DENVER -- Demand is growing for lean buffalo meat, a specialty item that's become an appealing alternative to beef -- and more common in supermarket meat cases.
In response to demand, the number of buffaloes being raised is growing 15% to 20% a year, according to the National Bison Association. The total bison population numbers between 350,000 to 400,000, and the association estimates there will be a million buffaloes before long.
Sales of bison meat are also on the rise. In the past year, nearly $1.2 million worth of bison, in fixed-weight packages, was sold, according to AC Nielsen, Schaumburg, Ill. That's a 56% increase over the previous year.
"We're seeing more placement of product," said Sam Albrecht, executive director of the National Bison Association, which has joined forces with a dozen of the country's leading chefs to promote the meat. To demonstrate its versatility, the chefs created signature bison recipes -- everything from stout-braised osso buco to spice-crusted tenderloin -- that were featured all summer on their respective restaurant menus.
"A lot of consumers are hesitant to try a new meat," said Rosemary Metz, a publicist handling the bison promotion. "They'll try it for the first time at a restaurant rather than go home and prepare it on their own."
Retailers who carry buffalo say it appeals to a diverse crowd.
"We have customers call and ask for it," said Nick Tonno, meat department manager and buyer for the Fairway Market in Plainview, N.Y. "I had a gentleman come in from a hunting club. They were having some kind of affair. They wanted elk meat, grizzly bear, buffalo and fresh ostrich."
To round out the fresh bison sold at the service counter, as well as an assortment of other fresh game meats, Fairway this summer will roll out a line of buffalo steaks and burgers in modified atmosphere packages. Designed to extend shelf life, the packaging will address a common problem with buffalo meat -- it turns quickly.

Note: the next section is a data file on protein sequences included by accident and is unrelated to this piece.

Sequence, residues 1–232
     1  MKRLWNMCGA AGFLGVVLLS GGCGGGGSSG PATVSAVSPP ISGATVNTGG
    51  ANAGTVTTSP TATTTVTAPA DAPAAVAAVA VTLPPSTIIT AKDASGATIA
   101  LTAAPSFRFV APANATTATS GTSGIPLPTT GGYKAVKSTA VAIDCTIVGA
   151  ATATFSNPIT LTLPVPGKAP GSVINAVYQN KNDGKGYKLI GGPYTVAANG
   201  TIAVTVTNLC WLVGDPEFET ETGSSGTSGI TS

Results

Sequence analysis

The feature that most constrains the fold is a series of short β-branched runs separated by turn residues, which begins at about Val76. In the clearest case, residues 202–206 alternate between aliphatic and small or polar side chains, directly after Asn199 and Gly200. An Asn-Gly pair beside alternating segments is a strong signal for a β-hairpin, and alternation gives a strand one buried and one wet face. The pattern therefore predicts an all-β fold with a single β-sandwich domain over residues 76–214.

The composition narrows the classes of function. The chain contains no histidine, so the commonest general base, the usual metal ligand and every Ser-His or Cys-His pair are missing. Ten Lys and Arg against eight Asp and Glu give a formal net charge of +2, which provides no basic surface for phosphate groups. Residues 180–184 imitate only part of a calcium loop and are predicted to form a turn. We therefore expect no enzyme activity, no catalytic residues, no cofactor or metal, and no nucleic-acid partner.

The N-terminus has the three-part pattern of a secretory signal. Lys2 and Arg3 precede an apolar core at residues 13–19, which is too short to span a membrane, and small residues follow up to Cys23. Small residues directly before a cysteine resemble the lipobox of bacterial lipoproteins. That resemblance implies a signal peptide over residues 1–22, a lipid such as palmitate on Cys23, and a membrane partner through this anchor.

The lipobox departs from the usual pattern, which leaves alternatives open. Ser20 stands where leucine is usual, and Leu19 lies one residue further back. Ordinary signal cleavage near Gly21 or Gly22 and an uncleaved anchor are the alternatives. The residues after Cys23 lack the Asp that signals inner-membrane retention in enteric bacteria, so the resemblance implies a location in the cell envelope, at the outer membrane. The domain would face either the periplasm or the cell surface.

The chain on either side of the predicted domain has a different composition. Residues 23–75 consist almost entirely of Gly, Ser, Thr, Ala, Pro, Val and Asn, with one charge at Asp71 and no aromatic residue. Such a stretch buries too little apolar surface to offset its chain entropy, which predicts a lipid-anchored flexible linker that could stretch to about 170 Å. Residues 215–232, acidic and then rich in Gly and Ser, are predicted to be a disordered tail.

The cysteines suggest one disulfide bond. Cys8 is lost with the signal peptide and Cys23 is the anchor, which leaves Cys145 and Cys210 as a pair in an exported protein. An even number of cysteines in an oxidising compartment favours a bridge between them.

"It should alleviate that," Tonno said. "We do quite well with [bison] on an everyday basis."
Vendors occasionally conduct in-store demos promoting bison sausage at some units of Wild Oats Community Markets. A few stores carry premium cuts like sirloin, said Robin Hoffman, meat, seafood and frozen food merchandiser for the 110-store chain, based in Boulder, Colo. Sales of ground bison, sold fresh in bulk and frozen in one-pound chubs, have been consistently strong, he said.
"Sales are becoming stronger nationally," he said. "Stores have increased their case space for it.
"People who like beef will choose bison as an alternative," Hoffman said. "In my opinion, the issue of leanness may not be the only reason they buy it. They buy the product because it tastes good. It's got a wonderful, rich flavor -- a richer flavor than beef. It's part of my diet."
The industry has a surplus of ground bison, and is trying to move more of it into supermarkets, Albrecht said. Two hurdles -- consumer acceptance and distribution -- stand in the way.
In addition to the restaurant promotion, the industry is focusing on the health aspects of bison. The meat is lower in fat and cholesterol than beef, pork and chicken -- and contains no hormones, Albrecht said.
"We're a fairly small industry, compared to the other red meats," he said. "Unless people, supermarkets or distributors ask for it, or are willing to take the first step, it's tough for us to get inside the door.
"It'll be easy as we increase our sales and have more money for marketing and promotion," he said.
Bison has come a long way from the days when it was central to the Native American diet, in dishes such as washtunkla, a Sioux-style stew, and buffalo en appolas -- buffalo meat skewered on wooden sticks. Now it's stout-braised osso buco, featured on the menu at The Fort, a restaurant in Morrison, Colo., and oven-roasted spice-crusted tenderloin of bison at the Rattlesnake Club in Detroit.
"Since we first introduced it, [consumption] has definitely gone up just because there's more knowledge of the product," Hoffman said. "More people are trying it. A lot of that has to do with more restaurants carrying it."